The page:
There are many ways musicians perform their work. Two of the most popular are “with sheet music” and “by ear.” The “with sheet music” is the method you might witness most church choir accompanists using…playing the notes just as the composer or arranger intended. Concert performers learn to perform the score so well they can accurately perform it on stage from memory.
Playing by ear is performance drawn purely from the skill and talent of the musician. When people gather around a piano at a party or a bar for a sing-a-long, it is generally accompanied by a pianist playing from his or her knowledge of music, not their memory of the sheet music.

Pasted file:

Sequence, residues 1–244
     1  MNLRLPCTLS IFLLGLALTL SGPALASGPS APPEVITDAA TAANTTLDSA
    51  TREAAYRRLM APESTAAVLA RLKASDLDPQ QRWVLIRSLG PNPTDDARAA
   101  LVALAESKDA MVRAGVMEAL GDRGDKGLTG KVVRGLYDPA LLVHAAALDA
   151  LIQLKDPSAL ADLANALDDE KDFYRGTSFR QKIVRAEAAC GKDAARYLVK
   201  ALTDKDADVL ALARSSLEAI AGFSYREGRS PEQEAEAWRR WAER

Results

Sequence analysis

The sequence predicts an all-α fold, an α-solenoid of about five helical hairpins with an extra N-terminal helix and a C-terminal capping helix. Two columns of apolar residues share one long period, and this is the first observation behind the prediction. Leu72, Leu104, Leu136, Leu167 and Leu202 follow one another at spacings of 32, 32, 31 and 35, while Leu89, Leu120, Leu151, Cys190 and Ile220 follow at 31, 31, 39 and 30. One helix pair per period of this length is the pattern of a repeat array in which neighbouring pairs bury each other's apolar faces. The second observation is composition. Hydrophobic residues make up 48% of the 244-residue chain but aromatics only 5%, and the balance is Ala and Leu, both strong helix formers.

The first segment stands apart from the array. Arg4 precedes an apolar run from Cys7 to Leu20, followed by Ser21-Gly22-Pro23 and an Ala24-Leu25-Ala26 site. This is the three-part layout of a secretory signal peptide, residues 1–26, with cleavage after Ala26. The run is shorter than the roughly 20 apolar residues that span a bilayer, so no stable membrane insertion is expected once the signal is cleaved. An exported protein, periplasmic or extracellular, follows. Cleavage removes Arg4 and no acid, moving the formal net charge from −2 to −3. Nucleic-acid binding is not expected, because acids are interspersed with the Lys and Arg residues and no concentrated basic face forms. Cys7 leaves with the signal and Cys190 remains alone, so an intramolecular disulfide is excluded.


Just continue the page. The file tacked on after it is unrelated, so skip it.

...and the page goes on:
There are times customers want service providers to use “sheet music”—or their memory of the score. Who wants a brain surgeon to use a lot of inventive improvisation–or a nuclear power plant operator or commercial airline pilot? But, most of the time customers prefer service performed by “ear” so to speak—a tailor-made response to a unique request performed from the heart. A lock-step, rote performance done exactly as the service designer dictated can feel robotic, mechanical and cold. What kind of service performance do your customers prefer, and when? And, when circumstances warrant, can you switch from improv to prescription without missing a note?